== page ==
The new rule

Under the new rule, the USCIS has increased both the fees employers pay and the steps employers must take. Now employers seeking to file H-1B, cap-subject petitions for the 2021 fiscal year will be required to first register and pay a non-refundable $10-per-petition registration fee.

A separate registration must be submitted for each H-1B requested. The registration must be completed between March 1 and March 20, 2020. Petitioners will receive electronic notification that USCIS has accepted the registration for processing. As before, employers are not permitted to submit more than one registration for a single employee in a fiscal year.

The USCIS will then run a random selection process on the registrations received and will notify petitioners whose registrations were selected. The petitioner will then have up to 90 days to file a full petition with supporting documents and all of the usual filing fees.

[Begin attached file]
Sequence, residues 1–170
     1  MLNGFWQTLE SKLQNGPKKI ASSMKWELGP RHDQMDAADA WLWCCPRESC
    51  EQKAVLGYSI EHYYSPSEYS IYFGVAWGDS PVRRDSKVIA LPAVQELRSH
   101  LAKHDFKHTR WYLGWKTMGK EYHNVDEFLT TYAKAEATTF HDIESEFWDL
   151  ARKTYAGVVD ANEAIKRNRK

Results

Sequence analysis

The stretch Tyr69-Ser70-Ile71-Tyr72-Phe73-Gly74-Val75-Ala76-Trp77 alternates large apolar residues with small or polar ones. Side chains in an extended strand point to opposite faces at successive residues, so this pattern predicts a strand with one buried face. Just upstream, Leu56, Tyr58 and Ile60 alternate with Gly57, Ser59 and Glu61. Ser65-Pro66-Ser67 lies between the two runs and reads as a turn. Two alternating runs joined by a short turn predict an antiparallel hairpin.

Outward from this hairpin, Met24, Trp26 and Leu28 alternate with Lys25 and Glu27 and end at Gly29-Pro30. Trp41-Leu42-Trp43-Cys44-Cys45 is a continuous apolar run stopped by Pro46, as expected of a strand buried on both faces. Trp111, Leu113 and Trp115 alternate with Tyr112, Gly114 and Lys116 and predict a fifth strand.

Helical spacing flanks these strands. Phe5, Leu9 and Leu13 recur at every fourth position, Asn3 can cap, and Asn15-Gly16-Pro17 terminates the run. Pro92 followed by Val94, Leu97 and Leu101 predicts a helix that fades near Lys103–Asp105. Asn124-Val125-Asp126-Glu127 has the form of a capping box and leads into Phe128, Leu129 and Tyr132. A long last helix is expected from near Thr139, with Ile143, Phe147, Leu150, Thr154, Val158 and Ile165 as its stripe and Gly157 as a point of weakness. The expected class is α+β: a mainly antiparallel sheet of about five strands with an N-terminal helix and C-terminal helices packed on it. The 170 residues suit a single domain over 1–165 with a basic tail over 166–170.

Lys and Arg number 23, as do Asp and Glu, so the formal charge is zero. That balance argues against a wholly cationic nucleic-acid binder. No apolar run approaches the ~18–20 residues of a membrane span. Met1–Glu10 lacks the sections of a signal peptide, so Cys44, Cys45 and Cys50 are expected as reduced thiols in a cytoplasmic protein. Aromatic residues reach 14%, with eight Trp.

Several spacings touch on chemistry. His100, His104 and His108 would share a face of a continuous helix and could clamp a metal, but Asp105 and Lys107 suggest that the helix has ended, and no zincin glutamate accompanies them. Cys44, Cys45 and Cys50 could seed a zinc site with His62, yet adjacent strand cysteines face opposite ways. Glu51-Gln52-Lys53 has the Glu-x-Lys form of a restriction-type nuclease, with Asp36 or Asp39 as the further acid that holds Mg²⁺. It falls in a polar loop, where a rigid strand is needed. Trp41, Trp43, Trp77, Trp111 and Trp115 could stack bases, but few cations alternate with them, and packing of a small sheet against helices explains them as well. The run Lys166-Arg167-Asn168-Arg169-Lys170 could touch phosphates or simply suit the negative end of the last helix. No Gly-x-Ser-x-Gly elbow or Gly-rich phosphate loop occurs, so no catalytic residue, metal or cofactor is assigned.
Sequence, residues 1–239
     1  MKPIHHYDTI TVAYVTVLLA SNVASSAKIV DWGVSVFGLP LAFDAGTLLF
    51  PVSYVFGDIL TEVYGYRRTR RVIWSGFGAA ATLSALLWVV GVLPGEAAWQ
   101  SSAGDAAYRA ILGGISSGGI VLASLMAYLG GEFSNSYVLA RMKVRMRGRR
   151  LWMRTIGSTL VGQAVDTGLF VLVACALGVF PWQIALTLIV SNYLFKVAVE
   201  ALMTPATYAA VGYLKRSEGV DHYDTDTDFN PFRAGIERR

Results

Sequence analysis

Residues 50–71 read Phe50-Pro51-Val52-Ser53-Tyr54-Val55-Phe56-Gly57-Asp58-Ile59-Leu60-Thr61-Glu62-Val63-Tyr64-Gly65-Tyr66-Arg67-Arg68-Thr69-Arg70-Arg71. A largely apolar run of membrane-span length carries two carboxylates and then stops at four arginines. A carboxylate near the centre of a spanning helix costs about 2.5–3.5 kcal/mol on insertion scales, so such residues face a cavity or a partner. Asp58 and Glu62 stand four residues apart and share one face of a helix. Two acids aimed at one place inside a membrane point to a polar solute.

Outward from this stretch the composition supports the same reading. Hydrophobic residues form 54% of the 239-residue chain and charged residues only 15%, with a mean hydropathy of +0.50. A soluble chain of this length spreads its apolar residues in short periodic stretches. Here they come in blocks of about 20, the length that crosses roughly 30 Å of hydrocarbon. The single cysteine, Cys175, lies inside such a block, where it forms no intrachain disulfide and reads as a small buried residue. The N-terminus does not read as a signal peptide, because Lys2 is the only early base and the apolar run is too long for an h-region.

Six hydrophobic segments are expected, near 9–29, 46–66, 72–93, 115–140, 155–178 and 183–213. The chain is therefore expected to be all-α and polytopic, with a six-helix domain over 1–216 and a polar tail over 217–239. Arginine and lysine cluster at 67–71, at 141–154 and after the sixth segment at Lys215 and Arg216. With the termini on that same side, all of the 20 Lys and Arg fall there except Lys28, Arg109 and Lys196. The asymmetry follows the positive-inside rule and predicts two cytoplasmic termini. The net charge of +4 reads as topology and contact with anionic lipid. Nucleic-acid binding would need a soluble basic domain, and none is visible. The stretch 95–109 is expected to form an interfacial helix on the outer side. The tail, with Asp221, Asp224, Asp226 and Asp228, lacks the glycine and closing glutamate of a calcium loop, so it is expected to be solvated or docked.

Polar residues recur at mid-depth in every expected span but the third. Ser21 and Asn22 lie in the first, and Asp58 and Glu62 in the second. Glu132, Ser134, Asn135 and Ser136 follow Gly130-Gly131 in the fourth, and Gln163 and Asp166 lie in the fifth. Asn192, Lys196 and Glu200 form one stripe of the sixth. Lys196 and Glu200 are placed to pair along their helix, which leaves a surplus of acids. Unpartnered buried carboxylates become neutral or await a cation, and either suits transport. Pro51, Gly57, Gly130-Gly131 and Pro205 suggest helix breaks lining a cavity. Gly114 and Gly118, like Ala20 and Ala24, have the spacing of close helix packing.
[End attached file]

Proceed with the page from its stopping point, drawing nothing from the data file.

Dentons insights

Imposing additional fees and procedures on US employers benefits no one but the government.

While employers will find out sooner than under the old rule if an employee’s petition is selected, that is no guarantee the petition will be ultimately granted. To the contrary, the increasingly conservative positions being taken by USCIS adjudicators in evaluating petitions—a process without legislative or regulatory approval—make denial more likely than ever.

And early notice of selection for the lucky few means earlier notice of non-selection for the majority of registrations. That is particularly bad news for most F-1 visa foreign students.